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Monochrome, Lower Antelope Canyon

Posted by
Don Smith (California, United States) on 1 December 2009 in Landscape & Rural.


Spring Big Sur Photo Workshop - March 29 - April 1, 2010 (1 spot remaining)
Northern Arizona: Grand Canyon, Upper Antelope Canyon, Horseshoe Bend, and Sedona Photo Workshop - May 3-7, 2010 (7 spots available)
Redwoods and Mendocino Coast Photo Workshop - June 15-18, 2010 (space available)
Kauai, Hawaii Photo Workshop - July 12-16, 2010 (8 spots available)
Big Sur Photo Workshop Summer August, 2010 (Exciting details TBA soon)!
Arches/Canyonlands Photo Workshop November 2010 (Details to be released soon)
New Article on my Website: Creating a "Twi-Night" Image

Books Available for Purchase on my Website:
Photographer's Guide to the Big Sur Coast (e-book version - 102 pages)
On the Edge (printed version - softcover and hardcover - 120 pages)

I love studying works by the past masters of nature photography. Within the past couple of years, I have been purchasing books by Eliot Porter, Ernst Hass, David Muench, William Hyde, etc., the ones who blazed the trail for all of us modern-day color landscape aficionados. Most recently I got my hands on the only book ever published of Ansel Adams color work entitled, Ansel Adams :: In Color. It should be noted that this book was published after Ansel's passing by the Ansel Adams trust, so I'm not sure if he would have approved, though he had intended to write a book on color photography as part of his instructional series, but never realized this dream.

Ansel's main concern regarding color photography at the time was the lack of control in the printing process. His writings indicated that he loved the translucent look of a Kodachrome 8x10, but could not translate these luminescent tones adequately to a print. I'm certain with today's digital capabilities, that his standards would have been met, but that is another subject for another day. What I found interesting, was that Ansel had over 3,500 color transparencies in his archive at the time of his death. He was undoubtedly the preeminent master at black-and-white photography, but he nonetheless experimented with the future of color photography.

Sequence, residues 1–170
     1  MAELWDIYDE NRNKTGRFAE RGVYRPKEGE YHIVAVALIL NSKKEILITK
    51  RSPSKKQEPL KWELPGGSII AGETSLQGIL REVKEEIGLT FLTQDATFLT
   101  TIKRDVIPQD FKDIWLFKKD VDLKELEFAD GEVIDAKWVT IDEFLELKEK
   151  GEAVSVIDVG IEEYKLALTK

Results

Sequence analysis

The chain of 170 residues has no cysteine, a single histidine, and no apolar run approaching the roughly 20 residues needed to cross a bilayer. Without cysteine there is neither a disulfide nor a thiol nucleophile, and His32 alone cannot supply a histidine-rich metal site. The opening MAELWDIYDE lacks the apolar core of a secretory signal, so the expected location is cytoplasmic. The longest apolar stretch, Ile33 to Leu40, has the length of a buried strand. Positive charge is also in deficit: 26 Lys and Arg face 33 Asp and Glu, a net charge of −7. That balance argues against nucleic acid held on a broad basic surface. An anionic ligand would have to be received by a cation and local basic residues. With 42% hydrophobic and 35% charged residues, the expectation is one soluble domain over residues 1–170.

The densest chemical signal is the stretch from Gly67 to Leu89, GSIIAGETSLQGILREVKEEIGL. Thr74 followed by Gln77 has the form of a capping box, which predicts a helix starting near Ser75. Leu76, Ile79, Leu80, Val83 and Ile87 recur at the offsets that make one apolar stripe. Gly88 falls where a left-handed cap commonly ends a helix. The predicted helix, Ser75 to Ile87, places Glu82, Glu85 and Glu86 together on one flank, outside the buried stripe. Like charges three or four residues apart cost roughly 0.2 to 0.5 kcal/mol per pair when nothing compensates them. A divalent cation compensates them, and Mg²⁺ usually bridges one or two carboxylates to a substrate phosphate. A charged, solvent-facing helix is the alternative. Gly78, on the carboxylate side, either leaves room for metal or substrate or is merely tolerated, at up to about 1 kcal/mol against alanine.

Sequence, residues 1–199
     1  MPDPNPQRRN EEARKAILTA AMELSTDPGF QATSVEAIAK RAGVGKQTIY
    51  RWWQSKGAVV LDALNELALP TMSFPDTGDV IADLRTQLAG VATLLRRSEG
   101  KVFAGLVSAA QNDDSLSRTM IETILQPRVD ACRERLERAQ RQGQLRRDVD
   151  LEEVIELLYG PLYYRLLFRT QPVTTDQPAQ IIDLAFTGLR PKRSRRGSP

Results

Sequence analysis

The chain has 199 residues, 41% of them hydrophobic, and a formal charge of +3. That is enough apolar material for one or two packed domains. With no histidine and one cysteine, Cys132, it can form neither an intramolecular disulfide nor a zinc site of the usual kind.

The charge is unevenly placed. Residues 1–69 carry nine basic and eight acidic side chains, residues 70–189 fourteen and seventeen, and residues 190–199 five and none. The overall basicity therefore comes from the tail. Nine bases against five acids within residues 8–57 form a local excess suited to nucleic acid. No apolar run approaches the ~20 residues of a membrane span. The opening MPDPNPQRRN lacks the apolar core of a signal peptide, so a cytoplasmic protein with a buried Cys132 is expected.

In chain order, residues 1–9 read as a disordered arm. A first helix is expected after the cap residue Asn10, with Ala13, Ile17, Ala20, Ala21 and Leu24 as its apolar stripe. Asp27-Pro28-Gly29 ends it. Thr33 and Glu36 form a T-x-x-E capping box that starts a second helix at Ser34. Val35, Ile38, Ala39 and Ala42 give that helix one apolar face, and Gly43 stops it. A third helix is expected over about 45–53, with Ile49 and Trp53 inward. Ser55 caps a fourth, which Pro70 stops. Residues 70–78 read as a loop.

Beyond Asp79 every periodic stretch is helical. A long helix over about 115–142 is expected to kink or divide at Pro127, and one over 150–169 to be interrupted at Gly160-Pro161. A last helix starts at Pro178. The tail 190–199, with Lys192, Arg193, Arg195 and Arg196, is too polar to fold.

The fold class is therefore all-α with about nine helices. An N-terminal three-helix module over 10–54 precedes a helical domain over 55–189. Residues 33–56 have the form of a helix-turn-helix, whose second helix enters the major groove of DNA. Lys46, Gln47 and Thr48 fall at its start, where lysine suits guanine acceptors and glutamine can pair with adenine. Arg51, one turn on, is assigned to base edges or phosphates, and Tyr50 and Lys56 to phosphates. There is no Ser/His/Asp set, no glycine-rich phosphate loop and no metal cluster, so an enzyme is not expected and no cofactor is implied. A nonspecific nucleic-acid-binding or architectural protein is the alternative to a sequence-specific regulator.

It has been such a busy fall season for me (workshops, stock trips, covering my beloved San Jose Sharks, and writing a new book), that I have had very little time to experiment (as Ansel did). We all need time to grow and develop as artists, and without experimentation (be it in the field or at our computers) we can easily get stuck in a creative rut.

We grow as artists when we push the boundaries of what we are used to doing, and in the process, get out of our comfort zone. There are so many talented photographers out there who seem content upon seeing the world the same way, their work never seems to evolve, and in the process, their images become rather stagnant in thought and content (I hope I never become one of them). I applaud contemporary artists such as Tony Sweet and William Neill. I sometimes do not like the direction their work leads them, but they refuse to rest on their laurels. Art evolves and technology evolves, so why should we sit still?

Having said all that, it is funny how technology can lead us full circle in our creative endeavors. Case in point is today's image from Lower Antelope Canyon. My friend Gary Hart and I had this canyon to ourselves on a recent morning this past month, and I was really able to slow down and not feel rushed while absorbing the beauty of this northern-Arizona icon. But on the other hand, I felt as if I was simply re-creating images that had been etched into my brain from many of my colleagues who have published work prior to my arrival.

Yet, I tried to not let that deter me. I knew I needed to trust my own vision, find my own images; thus, I tried to turn my conscious brain off and just go strictly on feel. I simply moved around and viewed these sensuous walls lit by this incredible light, then put the camera to my eye and played with compositions until something grabbed me emotionally. Once I felt the connection, I went to work refining the composition and trusted my instincts. It was a somewhat new way of working for me, but I was pleased with the results.

To take this concept of "feeling the image" a step forward, I decided to take one of my processed frames and convert it to a black-and-white using Nik's Silver Effects Pro software (see discount information below). I had spent years as a black-and-white photographer, so my earlier attempts at converting RGB digital captures to monochrome using Photoshop's various offerings, often let me feeling unsatisfied - until I finally gave Silver Efex Pro a try. As with all of Nik's products, this software was simple and intuitive to use. There are many preset film types available, so I tried two old favorites of mine (T-MAX 100 and Tri-X 400) and settled on the former. It was then a simple matter of tweaking the contrast to my liking and the image was complete!

I will be re-visiting this software with other images soon. I may have awakened the old black-and-white shooter who I thought was permanently asleep. This technology stuff is fun - we just need to keep an opened mind!

Canon EOS-1Ds Mark III 13 second F/16.0 ISO 200 48 mm

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